Fair Rosamund's Ghost at Godstow Abbey
12 March 2021 (Updated 10 January 2023)
Rosamund Clifford was a famed beauty and was mistress to King Henry II during the 12th century.
The legends surrounding 'Fair Rosamund' at Blenheim Palace are covered in a different post, but the facts of her life differ from that legend.
Rosamund is believed to have been the daughter of Walter de Clifford, a marcher lord who owned a castle on the River Rye in Herefordshire. As she grew to womanhood word of her beauty spread far and wide, attracting the eye of the king.
She was educated at Godstow Nunnery and after King Henry married Eleanor of Aquitaine, Rosamund retired to Godstow Abbey to live out the rest of her short life as a nun, dying young before she reached her 30th birthday.
Apparently, she was held in such high regard that she was buried in front of the high altar in the abbey church. When the Bishop of Lincoln visited Godstow a decade later in 1191, he found the tomb still covered with a pall of silk and surrounded by candles.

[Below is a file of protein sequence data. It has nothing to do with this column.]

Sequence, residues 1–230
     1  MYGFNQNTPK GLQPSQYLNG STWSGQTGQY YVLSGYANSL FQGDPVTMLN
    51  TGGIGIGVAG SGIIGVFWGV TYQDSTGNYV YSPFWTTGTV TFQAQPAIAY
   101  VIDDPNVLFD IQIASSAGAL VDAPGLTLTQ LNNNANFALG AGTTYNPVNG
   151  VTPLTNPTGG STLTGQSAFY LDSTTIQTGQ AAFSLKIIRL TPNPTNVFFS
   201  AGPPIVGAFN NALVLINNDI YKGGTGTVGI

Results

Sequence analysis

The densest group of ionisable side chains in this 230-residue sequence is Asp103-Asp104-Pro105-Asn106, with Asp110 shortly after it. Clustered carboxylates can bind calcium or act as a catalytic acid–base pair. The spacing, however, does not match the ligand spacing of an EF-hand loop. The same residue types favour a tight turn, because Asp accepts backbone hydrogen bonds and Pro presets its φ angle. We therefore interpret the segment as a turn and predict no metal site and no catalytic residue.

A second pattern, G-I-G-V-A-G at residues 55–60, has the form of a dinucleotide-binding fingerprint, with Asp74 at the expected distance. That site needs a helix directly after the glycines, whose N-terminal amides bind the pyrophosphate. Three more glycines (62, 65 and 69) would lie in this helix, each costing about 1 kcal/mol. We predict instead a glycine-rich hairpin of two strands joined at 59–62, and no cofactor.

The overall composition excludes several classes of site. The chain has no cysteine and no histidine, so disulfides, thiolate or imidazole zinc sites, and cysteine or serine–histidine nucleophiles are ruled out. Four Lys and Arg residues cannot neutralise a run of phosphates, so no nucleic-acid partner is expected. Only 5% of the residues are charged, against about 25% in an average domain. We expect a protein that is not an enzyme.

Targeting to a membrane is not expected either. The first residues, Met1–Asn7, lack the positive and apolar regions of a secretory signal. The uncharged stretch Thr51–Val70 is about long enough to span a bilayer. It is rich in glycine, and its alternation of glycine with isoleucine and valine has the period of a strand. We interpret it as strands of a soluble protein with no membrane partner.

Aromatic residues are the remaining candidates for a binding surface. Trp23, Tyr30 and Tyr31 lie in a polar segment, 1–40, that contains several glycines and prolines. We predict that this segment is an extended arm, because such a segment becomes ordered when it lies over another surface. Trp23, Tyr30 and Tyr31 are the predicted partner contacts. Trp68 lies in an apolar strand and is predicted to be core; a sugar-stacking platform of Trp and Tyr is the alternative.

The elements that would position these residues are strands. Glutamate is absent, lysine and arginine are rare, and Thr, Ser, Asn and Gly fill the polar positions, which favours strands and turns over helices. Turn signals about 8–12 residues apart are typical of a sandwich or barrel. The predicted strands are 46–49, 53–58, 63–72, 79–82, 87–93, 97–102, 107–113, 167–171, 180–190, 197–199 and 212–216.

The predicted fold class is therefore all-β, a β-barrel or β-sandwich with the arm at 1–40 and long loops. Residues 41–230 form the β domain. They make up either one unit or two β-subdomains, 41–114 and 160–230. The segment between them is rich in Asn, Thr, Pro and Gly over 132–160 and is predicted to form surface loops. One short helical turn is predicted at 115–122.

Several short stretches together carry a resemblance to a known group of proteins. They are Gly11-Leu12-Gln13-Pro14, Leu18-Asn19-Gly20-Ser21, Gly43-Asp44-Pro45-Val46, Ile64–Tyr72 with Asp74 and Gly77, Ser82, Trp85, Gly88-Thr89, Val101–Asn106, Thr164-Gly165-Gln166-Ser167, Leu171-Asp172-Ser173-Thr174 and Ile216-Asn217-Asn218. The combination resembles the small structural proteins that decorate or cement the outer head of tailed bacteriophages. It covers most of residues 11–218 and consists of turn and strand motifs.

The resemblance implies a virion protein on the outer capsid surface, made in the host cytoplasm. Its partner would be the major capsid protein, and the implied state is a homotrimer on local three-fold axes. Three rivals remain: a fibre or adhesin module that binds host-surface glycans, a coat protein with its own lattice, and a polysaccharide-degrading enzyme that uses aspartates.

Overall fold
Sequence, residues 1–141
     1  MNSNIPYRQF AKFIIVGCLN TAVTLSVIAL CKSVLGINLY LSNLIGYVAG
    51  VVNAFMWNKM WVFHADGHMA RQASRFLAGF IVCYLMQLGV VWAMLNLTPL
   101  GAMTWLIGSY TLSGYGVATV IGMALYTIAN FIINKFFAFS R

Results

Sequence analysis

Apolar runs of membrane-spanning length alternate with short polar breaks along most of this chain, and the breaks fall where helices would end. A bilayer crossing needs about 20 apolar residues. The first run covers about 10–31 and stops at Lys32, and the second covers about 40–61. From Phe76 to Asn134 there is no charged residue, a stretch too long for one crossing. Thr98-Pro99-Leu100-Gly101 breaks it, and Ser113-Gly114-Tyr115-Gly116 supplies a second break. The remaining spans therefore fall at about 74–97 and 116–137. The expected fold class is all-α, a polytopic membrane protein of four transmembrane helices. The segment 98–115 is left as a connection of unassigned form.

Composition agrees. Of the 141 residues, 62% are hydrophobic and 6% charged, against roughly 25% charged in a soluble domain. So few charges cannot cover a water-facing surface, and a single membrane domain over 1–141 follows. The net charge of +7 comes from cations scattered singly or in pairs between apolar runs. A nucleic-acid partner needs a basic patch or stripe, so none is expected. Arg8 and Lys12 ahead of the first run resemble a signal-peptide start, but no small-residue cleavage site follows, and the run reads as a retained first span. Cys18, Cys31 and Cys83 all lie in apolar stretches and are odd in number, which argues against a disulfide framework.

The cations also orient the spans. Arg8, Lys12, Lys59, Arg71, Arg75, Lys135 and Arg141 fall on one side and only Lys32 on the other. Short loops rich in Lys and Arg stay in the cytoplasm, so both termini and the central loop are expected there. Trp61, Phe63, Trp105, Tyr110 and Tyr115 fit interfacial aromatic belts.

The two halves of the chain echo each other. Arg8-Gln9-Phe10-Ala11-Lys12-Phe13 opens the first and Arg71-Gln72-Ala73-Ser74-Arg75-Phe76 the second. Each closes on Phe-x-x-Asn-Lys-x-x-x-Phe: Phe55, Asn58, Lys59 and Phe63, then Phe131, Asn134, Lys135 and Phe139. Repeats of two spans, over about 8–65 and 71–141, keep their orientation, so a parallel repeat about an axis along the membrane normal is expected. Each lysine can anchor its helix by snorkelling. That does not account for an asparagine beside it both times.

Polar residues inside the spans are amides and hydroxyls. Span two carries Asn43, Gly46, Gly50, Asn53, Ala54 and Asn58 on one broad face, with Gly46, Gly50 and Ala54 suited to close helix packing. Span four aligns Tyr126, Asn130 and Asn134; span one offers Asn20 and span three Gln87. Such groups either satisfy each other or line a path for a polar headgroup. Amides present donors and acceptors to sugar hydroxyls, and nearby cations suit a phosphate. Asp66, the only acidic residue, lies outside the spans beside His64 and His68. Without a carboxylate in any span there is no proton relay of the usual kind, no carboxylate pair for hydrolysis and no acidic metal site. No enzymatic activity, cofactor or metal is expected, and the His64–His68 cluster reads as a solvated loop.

Shocked that the tomb of a woman he considered 'a harlot' was still being honoured in this way, the bishop ordered her body to be removed and reburied outside the church.
Rosamund's ghost is said to be still occasionally seen flitting about between the stone ruins that are all that remains of Godstow Nunnery today. Her ghost is also reported to haunt The Trout Inn which stands just across the bridge from the ruins, and where while still a nun at Godstow, Rosamund was said to have met King Henry for illicit trysts.
A May Day haunting
In his book Haunted Oxford, Rob Walters recounts a local belief that if you go to the ruins of Godstow Nunnery at sunrise on May Morning, you will hear the ghostly sound of nuns singing or chanting as they would have done many hundreds of years previously.
- 'The Lore of the Land' by Jennifer Westwood and Jacqueline Simpson (Penguin Books, 2006, ISBN: 0141021039)
- 'Oxfordshire Ghost Stories' by Richard Holland (Bradwell Books, 2013, ISBN: 9781902674735)
- 'Haunted Oxford' by Rob Walters (The History Press, 2007, ISBN: 9780752439259)